PA Dem Party. v. Boockvar, et al : Boockvar
The Pennsylvania Democratic Party and several Democratic elected officials and congressional candidates, some in their official capacity and/or as private citizens (collectively, “Petitioner”), filed suit seeking declaratory and injunctive relief relating primarily to five issues of statutory interpretation involving Act 77 of 2019 and the Election Code, 25 P.S. sections 2600-3591. The Pennsylvania Supreme Court exercised Extraordinary Jurisdiction to address these issues and to clarify the law of the Commonwealth in time for the 2020 General Election. Petitioner requested: (1) declaratory relief to confirm Act 77 permitted local election boards “to provide secure, easily accessible locations ... where appropriate, mobile or temporary collection sites, and/or drop-boxes for the collection of mail-in ballots; (2) an injunction to “lift the deadline in the Election Code across the state to allow any ballot postmarked by 8:00 p.m. on Election Night to be counted if it is received by the Boards” by 5:00 p.m. on Tuesday, November 10, the deadline for ballots to be received under the Federal Uniformed and Overseas Citizens Absentee Voting Act or to allow boards discretion to extend deadlines to 21 days after the voter's ballot is mailed by the county; (3) an injunction requiring boards to contact electors whose mailed-in ballots are incomplete or incorrectly completed; (4) a declaration there was no no statutory authority to set aside an absentee or mail-in ballot solely for failure to place it into the "secrecy envelope"; and (5) a declaration that the “Election Code’s poll watcher residency requirement does not violate the United States Constitution’s First and Fourteenth Amendments, its Equal Protection Clause, or the Equal Protection and Free and Equal Elections Clauses of the Pennsylvania Constitution.” The Supreme Court granted relief on counts 1, 2 and 5 of the petition; the Court denied relief sought on counts 3 and 4. View "PA Dem Party. v. Boockvar, et al : Boockvar" on Justia Law
In Re: Nom Papers of Scroggin; Appeal of Stefano
Between March and August 2020, the Green Party of Pennsylvania (“Green Party”) circulated signature pages for a nomination paper pertaining to a slate of five candidates for federal and state office: Elizabeth Faye Scroggin for President of the United States; Neal Taylor Gale for Vice President of the United States; Timothy Runkle for Treasurer of Pennsylvania; Olivia Faison for Auditor General of Pennsylvania; and Richard Weiss for Attorney General of Pennsylvania. On August 3, the deadline for filing nomination papers, Runkle presented the nomination paper at issue in this appeal. Runkle appended to the nomination paper notarized candidate affidavits for himself, Faison, and Weiss, but he did not submit affidavits for Scroggin or Gale. Instead, Runkle’s submission included a notarized candidate affidavit for Howie Hawkins and a non-notarized affidavit for Angela Walker (“Candidates”), who were nominated as the Green Party’s candidates for President and Vice President, respectively, at the national Green Party Convention in July 2020. On August 10, the Green Party filed two Substitute Nomination Certificates, seeking to replace Scroggin and Gale with Hawkins and Walker. The certificates, which were signed and notarized on August 6 (for Hawkins) and 7 (for Walker), indicated that the cause of each vacancy was “[r]esignation,” and that the substitutions of Hawkins and Walker were made by the Green Party on August 2, the day before Runkle presented the nomination paper in the filing office designated by the Department. Objectors filed a petition to set aside the Green Party candidates’ nomination paper as to the entire slate as well as to the purported substitutions and candidacies of Hawkins and Walker. The Pennsylvania Supreme Court determined the Commonwealth Court erred in dismissing Objectors’ petition to set aside Scroggin’s nomination, and Hawkins’ substitution, as the Green Party’s candidate for President of the United States. The Court found Scroggin failed to comply with the Election Code’s strict mandate that she append an original affidavit to her nomination paper, and the party’s use of Hawkins’ affidavit while presenting a nomination paper in which he was not “named therein” did not suffice to cure that error. "That defect was fatal to Scroggin’s nomination and, therefore, to Hawkins’ substitution." Accordingly, the Secretary of the Commonwealth was directed to remove Howie Hawkins and Angela Walker from the general election ballot as the Green Party’s nominees for President and Vice President. View "In Re: Nom Papers of Scroggin; Appeal of Stefano" on Justia Law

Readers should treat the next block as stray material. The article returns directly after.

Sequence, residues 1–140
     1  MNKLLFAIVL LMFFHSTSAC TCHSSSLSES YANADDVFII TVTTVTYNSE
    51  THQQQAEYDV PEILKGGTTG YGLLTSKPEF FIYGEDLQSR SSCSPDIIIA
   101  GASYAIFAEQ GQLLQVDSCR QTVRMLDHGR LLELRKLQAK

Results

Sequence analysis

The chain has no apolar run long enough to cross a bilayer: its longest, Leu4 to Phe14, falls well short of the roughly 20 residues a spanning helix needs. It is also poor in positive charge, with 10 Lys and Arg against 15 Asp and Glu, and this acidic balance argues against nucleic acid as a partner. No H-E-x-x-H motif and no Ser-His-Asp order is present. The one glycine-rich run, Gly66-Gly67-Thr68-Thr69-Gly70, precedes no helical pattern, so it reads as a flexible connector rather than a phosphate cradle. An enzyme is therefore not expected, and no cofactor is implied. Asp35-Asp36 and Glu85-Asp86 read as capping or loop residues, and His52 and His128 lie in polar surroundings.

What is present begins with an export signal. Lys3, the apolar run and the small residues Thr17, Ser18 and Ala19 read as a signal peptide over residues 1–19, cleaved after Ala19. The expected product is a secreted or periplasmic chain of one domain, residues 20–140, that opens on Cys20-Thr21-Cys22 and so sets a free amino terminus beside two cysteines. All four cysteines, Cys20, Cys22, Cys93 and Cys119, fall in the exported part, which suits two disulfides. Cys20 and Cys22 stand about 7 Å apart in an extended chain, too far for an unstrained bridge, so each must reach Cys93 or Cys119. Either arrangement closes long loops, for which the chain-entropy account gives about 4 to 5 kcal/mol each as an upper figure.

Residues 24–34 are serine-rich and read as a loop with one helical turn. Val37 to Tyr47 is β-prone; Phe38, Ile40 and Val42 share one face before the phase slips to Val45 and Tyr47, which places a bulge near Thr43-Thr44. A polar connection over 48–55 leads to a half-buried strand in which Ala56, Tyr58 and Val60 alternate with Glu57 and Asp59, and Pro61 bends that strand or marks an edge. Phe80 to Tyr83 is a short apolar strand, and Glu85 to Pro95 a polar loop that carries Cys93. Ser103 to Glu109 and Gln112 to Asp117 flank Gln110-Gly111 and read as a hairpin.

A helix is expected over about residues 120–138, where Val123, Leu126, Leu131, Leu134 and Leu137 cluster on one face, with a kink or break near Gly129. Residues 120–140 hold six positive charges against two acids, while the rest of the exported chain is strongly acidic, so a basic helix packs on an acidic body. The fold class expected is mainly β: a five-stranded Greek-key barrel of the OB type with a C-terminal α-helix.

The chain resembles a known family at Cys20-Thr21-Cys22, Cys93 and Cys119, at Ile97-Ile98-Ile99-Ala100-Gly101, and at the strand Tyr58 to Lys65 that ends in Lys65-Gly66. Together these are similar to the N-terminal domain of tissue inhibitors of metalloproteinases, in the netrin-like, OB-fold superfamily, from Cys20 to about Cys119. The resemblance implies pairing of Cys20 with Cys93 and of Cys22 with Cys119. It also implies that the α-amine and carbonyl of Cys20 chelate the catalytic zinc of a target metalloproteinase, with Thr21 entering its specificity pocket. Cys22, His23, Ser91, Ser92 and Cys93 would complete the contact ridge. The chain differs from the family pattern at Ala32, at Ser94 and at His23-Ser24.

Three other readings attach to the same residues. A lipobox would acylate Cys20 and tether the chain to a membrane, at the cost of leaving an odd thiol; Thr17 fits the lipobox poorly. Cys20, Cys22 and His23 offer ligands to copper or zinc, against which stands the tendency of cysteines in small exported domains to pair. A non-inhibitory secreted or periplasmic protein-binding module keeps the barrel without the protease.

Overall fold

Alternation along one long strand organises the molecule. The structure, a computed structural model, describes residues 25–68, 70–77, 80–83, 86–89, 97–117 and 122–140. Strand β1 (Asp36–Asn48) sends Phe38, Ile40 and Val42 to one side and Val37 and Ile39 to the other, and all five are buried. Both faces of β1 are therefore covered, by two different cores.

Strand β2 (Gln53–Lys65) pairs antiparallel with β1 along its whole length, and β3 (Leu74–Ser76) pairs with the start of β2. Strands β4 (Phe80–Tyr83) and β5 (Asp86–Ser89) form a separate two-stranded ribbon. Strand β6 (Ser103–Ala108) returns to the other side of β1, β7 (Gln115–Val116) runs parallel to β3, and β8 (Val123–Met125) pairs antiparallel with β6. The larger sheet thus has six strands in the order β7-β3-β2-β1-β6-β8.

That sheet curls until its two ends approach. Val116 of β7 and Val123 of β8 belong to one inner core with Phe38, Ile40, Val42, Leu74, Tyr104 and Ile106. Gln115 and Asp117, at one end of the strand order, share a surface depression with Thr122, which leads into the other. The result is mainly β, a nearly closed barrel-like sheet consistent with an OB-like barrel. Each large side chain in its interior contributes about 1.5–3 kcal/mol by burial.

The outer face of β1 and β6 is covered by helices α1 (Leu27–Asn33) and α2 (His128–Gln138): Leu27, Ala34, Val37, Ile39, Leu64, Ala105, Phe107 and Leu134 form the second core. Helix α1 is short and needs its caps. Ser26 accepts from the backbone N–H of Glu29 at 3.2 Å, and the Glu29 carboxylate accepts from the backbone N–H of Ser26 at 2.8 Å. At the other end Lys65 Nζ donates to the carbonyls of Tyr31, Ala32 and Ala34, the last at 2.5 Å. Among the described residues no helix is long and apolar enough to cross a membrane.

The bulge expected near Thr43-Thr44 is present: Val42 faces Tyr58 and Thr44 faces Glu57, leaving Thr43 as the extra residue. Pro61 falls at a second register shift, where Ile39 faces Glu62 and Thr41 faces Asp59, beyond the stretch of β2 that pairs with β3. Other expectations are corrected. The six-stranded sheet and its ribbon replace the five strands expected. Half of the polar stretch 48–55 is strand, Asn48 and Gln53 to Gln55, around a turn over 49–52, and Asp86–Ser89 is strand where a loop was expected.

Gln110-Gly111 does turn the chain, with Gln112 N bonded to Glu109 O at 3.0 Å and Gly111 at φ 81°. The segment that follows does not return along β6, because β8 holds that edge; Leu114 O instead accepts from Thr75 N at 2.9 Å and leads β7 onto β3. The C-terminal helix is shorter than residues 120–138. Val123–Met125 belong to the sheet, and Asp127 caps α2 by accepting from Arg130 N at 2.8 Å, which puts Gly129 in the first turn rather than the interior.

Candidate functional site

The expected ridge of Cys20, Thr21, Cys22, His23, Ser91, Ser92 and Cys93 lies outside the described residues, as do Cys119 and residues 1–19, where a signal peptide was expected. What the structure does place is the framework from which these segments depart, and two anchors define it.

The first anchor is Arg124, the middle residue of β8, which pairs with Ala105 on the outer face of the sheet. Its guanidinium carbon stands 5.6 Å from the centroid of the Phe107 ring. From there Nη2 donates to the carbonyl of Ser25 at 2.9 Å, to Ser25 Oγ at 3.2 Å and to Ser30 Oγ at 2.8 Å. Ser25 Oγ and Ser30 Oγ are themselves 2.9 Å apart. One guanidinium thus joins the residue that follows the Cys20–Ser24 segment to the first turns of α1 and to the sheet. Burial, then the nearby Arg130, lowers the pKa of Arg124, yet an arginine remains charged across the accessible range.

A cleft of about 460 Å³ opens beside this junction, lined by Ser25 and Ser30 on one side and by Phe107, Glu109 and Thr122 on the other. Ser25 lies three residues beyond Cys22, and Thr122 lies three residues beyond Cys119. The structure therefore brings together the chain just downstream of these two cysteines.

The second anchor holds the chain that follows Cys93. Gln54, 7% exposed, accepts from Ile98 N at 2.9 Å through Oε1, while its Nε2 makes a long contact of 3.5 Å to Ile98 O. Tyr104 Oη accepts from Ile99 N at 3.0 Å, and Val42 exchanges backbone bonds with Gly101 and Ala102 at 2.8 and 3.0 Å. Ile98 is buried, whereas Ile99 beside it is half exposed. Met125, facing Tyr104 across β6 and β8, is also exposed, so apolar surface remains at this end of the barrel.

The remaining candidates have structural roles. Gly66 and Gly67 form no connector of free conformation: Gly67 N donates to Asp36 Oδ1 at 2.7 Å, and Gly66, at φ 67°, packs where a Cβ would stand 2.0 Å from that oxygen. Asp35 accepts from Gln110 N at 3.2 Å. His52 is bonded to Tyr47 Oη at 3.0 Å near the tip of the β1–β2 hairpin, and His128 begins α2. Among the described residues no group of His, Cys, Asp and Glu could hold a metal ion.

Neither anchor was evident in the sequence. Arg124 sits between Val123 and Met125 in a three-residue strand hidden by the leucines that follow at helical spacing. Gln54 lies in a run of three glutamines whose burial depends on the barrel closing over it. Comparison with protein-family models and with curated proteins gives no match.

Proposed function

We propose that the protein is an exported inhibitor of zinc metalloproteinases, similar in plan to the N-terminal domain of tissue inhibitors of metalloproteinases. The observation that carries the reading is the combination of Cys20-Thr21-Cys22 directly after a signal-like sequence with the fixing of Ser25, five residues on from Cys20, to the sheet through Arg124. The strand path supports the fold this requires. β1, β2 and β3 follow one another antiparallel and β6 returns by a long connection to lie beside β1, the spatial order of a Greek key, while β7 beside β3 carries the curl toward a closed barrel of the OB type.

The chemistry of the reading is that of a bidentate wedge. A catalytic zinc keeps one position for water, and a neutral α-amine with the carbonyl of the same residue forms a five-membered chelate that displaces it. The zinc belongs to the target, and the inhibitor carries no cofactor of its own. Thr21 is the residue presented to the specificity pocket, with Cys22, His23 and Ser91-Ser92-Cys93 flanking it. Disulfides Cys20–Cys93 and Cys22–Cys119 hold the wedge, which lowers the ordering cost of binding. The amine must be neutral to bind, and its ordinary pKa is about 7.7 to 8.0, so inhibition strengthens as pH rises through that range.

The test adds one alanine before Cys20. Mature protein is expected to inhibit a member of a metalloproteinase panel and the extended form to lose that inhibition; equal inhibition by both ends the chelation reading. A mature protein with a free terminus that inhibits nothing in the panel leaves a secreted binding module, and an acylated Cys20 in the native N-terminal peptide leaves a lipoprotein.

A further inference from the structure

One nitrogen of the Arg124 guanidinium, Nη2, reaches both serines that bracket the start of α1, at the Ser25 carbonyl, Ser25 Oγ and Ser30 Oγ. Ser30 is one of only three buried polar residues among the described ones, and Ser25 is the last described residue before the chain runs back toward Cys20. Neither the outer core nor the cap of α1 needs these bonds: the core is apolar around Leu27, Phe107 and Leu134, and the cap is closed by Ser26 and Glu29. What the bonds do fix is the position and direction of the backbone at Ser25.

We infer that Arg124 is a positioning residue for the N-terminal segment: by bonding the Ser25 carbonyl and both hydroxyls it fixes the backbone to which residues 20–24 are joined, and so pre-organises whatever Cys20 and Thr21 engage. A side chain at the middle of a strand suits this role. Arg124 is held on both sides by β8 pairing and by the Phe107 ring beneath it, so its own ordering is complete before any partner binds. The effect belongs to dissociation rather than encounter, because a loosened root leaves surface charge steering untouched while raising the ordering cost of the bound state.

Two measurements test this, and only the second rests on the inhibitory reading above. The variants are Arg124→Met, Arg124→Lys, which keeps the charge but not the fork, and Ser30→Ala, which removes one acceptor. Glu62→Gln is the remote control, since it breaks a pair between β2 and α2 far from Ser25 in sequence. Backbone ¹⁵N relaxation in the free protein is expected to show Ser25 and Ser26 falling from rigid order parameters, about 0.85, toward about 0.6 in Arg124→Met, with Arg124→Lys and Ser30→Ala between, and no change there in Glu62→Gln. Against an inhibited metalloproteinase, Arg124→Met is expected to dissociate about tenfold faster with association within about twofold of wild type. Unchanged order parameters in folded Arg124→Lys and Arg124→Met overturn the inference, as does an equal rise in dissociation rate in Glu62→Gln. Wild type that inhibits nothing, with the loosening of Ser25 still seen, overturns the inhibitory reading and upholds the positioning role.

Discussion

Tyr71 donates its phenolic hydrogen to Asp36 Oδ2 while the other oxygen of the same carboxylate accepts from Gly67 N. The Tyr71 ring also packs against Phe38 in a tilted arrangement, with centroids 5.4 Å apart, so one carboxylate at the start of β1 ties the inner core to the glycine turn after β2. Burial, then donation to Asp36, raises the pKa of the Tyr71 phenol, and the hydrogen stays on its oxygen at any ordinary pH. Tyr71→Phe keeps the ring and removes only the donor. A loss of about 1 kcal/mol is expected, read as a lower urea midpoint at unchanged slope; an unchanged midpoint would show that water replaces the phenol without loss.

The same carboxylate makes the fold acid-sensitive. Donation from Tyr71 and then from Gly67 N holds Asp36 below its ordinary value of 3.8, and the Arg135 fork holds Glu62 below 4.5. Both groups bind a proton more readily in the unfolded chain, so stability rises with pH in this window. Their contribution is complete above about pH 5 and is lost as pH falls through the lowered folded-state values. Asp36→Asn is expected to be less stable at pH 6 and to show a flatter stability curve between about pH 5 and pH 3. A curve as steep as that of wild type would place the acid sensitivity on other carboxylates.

In Re: Nomination Papers of Sherrie Cohen